The book is two things. First, an invaluable insight into the ways in which corruption is done. Second, just as important, it is a portrait of Githongo as a symbol of the vulnerability of idealism, as a symbol of the moral strength; also a sobering disclosure of how brittle courage can be.
The blurb on the back of the book asking, “What is it about African society that makes corruption so hard to eradicate…” misses the point by asking an outsider’s execrable question — conflating “African society” with the state is silly, and perhaps whoever wrote the blurb should tell us about the Western Credit Crunch.
Told in 17 chapters, the book draws from the widest possible contexts to tell that tale. Ms Wrong has imbibed Kenya — ethnicity, class, youth, land and history woven together to give several perspectives into her subject.
She knows a good story and has the language to tell; it starts at breakneck speed, which reassuringly slows to become to become analytic, fulfilling and, finally, sobering.
It is telling that she starts with the image of Githongo fitfully concealing his legendary taping of conversations and ends with an epilogue on the life and death of another whistle-blower, David Munyakei. She gets very close to her subject.
Githongo is here turned inside out for our scrutiny. Was it naivety or idealism that drove him? Was he appointed PS because the Wazee thought him ethnically safe? Could the pull of tribe and class have been even more powerful than John suspected? What was crossing his mind as more and more meetings at State House were conducted in Gikuyu?
We know he was alarmed because he warned (from today this sounds prophetic) that this will “fix us”.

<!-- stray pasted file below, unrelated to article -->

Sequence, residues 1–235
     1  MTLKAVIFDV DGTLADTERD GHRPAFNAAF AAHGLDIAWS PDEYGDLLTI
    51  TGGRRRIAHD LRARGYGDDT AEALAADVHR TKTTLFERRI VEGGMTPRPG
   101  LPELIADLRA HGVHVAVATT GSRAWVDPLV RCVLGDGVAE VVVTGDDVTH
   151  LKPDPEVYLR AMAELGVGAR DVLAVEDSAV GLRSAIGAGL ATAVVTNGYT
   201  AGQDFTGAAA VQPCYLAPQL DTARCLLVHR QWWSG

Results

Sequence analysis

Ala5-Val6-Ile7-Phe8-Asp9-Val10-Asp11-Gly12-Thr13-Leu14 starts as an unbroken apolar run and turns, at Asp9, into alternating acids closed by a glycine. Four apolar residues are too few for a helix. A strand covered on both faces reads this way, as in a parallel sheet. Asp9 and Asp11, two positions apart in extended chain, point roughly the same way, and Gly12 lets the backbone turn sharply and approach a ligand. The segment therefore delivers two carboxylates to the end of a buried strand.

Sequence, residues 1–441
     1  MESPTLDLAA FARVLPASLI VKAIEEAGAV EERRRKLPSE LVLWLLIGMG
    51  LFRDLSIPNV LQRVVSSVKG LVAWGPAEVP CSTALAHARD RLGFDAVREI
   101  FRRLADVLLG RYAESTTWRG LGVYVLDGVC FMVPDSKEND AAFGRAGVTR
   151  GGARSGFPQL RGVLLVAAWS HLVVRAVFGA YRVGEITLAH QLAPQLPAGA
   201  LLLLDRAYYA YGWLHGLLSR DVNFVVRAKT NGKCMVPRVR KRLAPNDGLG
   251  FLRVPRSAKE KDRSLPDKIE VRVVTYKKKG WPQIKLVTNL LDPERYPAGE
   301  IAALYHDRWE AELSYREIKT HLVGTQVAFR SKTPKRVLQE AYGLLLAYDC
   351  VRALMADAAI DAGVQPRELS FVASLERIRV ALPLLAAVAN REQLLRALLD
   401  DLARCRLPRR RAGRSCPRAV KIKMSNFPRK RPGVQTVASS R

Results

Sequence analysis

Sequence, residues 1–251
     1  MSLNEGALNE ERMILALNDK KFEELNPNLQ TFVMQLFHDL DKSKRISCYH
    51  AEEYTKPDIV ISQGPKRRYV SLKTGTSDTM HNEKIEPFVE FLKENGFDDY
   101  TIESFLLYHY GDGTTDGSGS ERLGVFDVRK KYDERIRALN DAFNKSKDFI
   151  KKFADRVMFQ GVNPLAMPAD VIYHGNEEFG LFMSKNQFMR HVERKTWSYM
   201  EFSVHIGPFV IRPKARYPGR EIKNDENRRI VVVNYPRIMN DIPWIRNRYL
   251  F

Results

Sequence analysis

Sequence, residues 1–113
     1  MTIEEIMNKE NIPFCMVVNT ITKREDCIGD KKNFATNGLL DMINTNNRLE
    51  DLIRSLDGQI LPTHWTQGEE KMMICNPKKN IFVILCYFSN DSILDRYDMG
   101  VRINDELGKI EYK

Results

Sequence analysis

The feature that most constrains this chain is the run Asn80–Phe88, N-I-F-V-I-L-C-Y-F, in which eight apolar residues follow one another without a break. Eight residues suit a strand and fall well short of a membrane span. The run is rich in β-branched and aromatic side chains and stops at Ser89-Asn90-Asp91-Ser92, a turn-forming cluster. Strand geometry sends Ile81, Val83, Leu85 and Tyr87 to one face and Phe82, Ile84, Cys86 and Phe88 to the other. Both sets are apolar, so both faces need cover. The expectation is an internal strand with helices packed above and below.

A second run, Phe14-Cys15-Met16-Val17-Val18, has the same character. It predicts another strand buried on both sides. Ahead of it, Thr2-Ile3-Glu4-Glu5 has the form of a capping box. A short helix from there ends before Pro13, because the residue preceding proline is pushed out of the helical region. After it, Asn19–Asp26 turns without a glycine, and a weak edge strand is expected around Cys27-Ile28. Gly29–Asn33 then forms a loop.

To the first question, there is much in the book itself to suggest that Githongo was perhaps more idealist than realist. To the second, there are suggestions that his class and background may have played a role for he repeatedly excused his acceptance of the PS’s job with the statement that the “old men” made him do it.
Was he unable to resist the pull of power? He worked a few metres from the President’s office and several times talked to him right in his bedroom. So, in a manner of speaking, there was no distance between him and the President. As these things go, people anxious to get to the President found they could beat the bureaucracy by passing information through Githongo.
We are given Githongo the charmer – to whom “thrusting Kenyan yuppies”, “world weary Asian lawyers”, “doddery white leftovers”, “impassioned activists”, even “lowly taxi drivers” were drawn. But she also writes, “Like a woman of astounding beauty, John was always more loved and desired than he could ever love in return.”
For the reader, Githongo rises up as a King Lear of sorts. To power, he may have fatally thought he was close. But President Kibaki was the older man, experience his edge over the younger man.
Had Mr Kibaki not watched these same idealists rise and disintegrate right from the 1960s, when Githongo was only a toddler? Was he really able to read this circumspect veteran who gave tacit approvals and at times only laughed and never gave an opinion or was he too star-struck to do so?
It is hence telling when Ms Wrong writes that Githongo was a man “who did not recognise the gulf in perspective between himself and the president”. This is also an enigmatic statement – at least as this story is not yet finished – that will unravel in time, for while we have Githongo’s “perspective”, we cannot with certainty say what the president’s was at the time.
This book is a live wire. The principal actors in it are still alive, and holding office. As such, It’s Our Turn to Eat is one of those books that influence the very flow of events they write about.
It will be illuminating for non-Kenyans. But it is an unforgiving, disturbing expose that will lacerate its Kenyan audience.